LePage’s opposition to federal conservation projects solidifies his long-held positions

Good morning from Augusta, where the news keeps on flowing. With August and vacation season behind us, it’ll only pick up from here. 

On Monday, the resignation of Department of Environmental Protection Commissioner Patricia Aho garnered some attention, but it was Gov. Paul LePage’s letters to President Barack Obama and Maine’s congressional delegation in opposition to creating national monuments in the Katahdin region and Gulf of Maine that captured the most interesting news of the day.  

The whole affair just solidifies LePage’s position that Maine’s land and waters are for economic activity first and conservation second, if at all. His chief argument against creating national monuments was that doing so would block loggers and fishermen from Maine’s natural resources. Let’s not forget that LePage is holding up the sale of $11 million in conservation bonds — and has said that conservation projects accomplished with Land for Maine’s Future funding only benefits the rich — and wants to increase timber harvesting on public lands so Maine can use the revenue to fund a heating efficiency program. 

LePage’s attitude about public lands is pretty remarkable, considering this is a state whose voters have a history of supporting conservation projects, and his stance on the conservation bonds, for instance, seems to be causing him problems with sportsmen who typically lean Republican. 

Also among LePage’s arguments against creating national monuments is that it would be an inappropriate use of power by Obama, who can declare national monuments without congressional approval (unlike the process for national parks). Herein lies more consistency from LePage, who has often argued against federal mandates on the state. 

For a governor who is famous for doing the unexpected, LePage on some topics is as predictable as anyone. 

Green Independents electing leaders

The Maine Green Independent Party has re-elected Sam Chandler, who ran for the Maine House in Portland’s District 36 in 2014, as its secretary. He joins co-chairs Patricia Jackson and Gil Harris, as well as treasurer Mako Bates on the party’s executive committee.

The party also named John Rensenbrink of Topsham, who was instrumental in founding the party, to a one-year term on the national Green Party committee and the Green Party International Committee. This continues involvement Rensenbrink has had with the party dating back three decades.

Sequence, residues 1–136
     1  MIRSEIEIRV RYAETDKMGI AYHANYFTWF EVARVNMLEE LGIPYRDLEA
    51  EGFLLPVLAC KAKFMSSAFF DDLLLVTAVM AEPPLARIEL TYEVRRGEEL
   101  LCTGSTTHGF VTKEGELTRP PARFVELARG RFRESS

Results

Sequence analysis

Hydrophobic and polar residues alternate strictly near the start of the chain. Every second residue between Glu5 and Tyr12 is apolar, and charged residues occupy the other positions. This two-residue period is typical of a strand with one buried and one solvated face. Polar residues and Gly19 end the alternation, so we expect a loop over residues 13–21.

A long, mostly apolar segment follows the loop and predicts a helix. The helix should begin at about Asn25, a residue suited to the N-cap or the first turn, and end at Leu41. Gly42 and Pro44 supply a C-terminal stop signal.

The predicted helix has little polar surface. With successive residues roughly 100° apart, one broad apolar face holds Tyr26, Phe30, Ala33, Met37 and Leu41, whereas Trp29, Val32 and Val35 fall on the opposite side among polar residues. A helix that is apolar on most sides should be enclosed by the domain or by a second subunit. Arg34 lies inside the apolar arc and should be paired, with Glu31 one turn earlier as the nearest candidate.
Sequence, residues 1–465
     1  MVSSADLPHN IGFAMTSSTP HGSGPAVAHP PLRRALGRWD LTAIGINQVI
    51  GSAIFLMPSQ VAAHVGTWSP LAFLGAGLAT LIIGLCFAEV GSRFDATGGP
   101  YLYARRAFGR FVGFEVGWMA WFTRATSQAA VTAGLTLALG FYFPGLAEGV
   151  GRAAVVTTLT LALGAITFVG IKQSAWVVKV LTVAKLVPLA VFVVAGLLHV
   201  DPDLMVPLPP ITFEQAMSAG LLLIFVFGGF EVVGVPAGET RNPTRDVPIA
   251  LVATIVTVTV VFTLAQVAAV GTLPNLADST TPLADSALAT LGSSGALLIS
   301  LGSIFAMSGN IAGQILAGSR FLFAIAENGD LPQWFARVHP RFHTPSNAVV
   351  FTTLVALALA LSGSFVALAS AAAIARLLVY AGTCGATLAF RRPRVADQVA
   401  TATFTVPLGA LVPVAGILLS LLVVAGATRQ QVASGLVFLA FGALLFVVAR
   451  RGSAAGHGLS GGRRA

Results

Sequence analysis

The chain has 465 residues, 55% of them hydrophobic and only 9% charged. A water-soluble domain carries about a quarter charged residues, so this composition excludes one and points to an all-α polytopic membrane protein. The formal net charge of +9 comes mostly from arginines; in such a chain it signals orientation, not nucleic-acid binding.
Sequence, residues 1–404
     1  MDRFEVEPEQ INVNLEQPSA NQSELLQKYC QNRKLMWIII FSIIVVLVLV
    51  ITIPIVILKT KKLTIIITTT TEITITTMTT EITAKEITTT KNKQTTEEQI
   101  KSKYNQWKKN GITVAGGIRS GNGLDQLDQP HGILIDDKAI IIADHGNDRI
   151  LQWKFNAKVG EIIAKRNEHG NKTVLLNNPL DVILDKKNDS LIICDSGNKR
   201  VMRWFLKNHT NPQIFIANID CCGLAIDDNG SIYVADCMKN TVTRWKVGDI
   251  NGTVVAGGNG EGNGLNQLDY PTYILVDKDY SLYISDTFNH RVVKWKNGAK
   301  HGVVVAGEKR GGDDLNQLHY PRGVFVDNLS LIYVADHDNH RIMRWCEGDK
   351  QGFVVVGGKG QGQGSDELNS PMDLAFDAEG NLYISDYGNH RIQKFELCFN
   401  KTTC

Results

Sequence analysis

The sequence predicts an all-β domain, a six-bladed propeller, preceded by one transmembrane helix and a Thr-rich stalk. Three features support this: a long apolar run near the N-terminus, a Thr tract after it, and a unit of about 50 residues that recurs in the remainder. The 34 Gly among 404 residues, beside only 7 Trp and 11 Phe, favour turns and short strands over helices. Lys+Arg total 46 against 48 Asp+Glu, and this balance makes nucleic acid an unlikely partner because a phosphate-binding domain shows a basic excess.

The party also named Mario Girouard of Orono and the Penobscot Indian Nation to the Green Independent Party’s state committee.

Parade of politicos through Maine

Today marks the first of three days of national politicians coming through Maine.

  • Republican presidential candidate Rand Paul is holding a public rally on Main Street in Freeport this evening, beginning at 5:30 p.m.
  • U.S. Rep. John Sarbanes, D-Maryland, will be in Maine on Wednesday, where he will make appearances at round-table discussions in Portland and Bar Harbor in support of the campaign finance reform question on this November’s ballot. For more details, click here.
  • On Thursday, former Hewlett-Packard CEO and Republican presidential candidate Carly Fiorina will be the guest speaker at the Maine Heritage Policy Center’s Freedom & Opportunity Luncheon in South Portland. Click here for more details.

Reading list

Study: Liberals trust scientists more

A new research survey by the University of New Hampshire’s Carsey School of Public Policy found that liberals trust scientists more than conservatives do, regardless of the topic. The numbers, unsurprisingly, were particularly skewed when it comes to climate change and evolution, with liberals showing more trust than conservatives.

“These results overturn the proposition that with this selection of topics, we could find opposite and similarly strong ideological biases slanting in both directions,” said UNH Sociology Professor Lawrence Hamilton, in a press release. “If such opposite biases exist, their effects are relatively weak.”

That’s a pretty astute observation of the political climate in the United States.

For a scientist. — Christopher Cousins






Christopher Cousins

About Christopher Cousins

Christopher Cousins has worked as a journalist in Maine for more than 15 years and covered state government for numerous media organizations before joining the Bangor Daily News in 2009.